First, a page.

The primary function of any heating system is to keep you warm and comfortable when natural temperatures don’t quite cut it. But the fact is there are a lot of options when it comes to choosing or installing a heating system. Some homes are “wired” for gas or electricity, but oil heating systems have proved to be a perfectly viable solution, and in certain circumstances, even preferable.
The inner workings of an oil heating system are relatively easy to understand in principle: use a combustible agent to heat air or water and distribute through a home or building. But the practical science of it, as historic as it may be, is complicated – primarily because there are different and unique options.
Oil-fired heating systems distribute heat in one of three ways:
- By heating air and distributing it through ducts and vents
- By heating water and distributing it through pipes and baseboards
- By creating steam and distributing it through radiator coils
It all starts with a thermostat. You tell the thermostat what temperature you want a certain room to be. When the temperature drops below that number, it signals the furnace (for hot air) or boiler (for warm water) to kick into action.
From there, oil is pumped into a burner through a nozzle. Much like the nozzle on a hose, it converts the flowing liquid into a spray. At the same time, a blower distributes air to mix with the oil mist in a combustion chamber where it is ignited.
The heat ignited by the flames passes through a heat exchanger and is blown through a complex distribution system consisting of ducts and vents of varying shapes and sizes.
Meanwhile, at the same time, the spent fuel or combustion gases exit from the combustion chamber through a flue passage and out an exhaust stack, usually through a home’s chimney.
FORCED AIR DISTRIBUTION SYSTEM
In a forced air distribution system, the process continues with cold air being sucked through a return air duct where it is filtered. It is then recycled back into the heat exchanger where it is warmed by the by-product combustion gases which are on their way out. Talk about recycling!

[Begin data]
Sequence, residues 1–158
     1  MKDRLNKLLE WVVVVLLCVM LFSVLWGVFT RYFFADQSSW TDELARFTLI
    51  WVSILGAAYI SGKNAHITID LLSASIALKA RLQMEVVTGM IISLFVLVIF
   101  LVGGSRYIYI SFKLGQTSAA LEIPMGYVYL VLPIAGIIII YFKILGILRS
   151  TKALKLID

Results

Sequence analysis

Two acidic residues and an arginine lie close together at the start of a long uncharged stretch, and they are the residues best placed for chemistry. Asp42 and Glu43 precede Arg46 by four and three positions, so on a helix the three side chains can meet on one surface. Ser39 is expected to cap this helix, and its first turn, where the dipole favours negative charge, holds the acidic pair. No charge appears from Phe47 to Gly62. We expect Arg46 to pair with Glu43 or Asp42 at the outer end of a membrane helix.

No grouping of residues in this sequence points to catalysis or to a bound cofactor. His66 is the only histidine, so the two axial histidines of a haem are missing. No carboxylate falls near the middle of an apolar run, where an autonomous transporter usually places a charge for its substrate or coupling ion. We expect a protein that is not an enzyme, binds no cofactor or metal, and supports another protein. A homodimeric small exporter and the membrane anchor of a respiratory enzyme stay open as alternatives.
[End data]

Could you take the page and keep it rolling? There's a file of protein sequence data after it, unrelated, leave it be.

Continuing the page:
HOT WATER DISTRIBUTION SYSTEM
Oil can also be used to warm a house through a hot water distribution system. Again, a thermostat triggers oil to be pumped through a nozzle to combine with air, creating a volatile mix. The mix is combusted in a chamber, but this time the heat generated warms water that is being held in an adjacent boiler.
The heated water is then pumped through a distribution system of pipes running through a home’s baseboards. The cold air from the rooms absorbs the heat and spreads it around.
Eventually, when the water cools, it is returned back to the boiler where it is rewarmed and held in reserve. This allows for hot water to be available at your convenience.
A steam system is very similar to a hot water system, except that the distribution system consists of radiators rather than pipes.
The merits of an oil heater system over a natural gas system will continue to be debated, not the least of which is its effect on the environment. A blogger on DoItYourself.com points out, “New technology has allowed manufacturers to produce oil central heating systems that meet and exceed the standards of the Environmental Protection Agency.”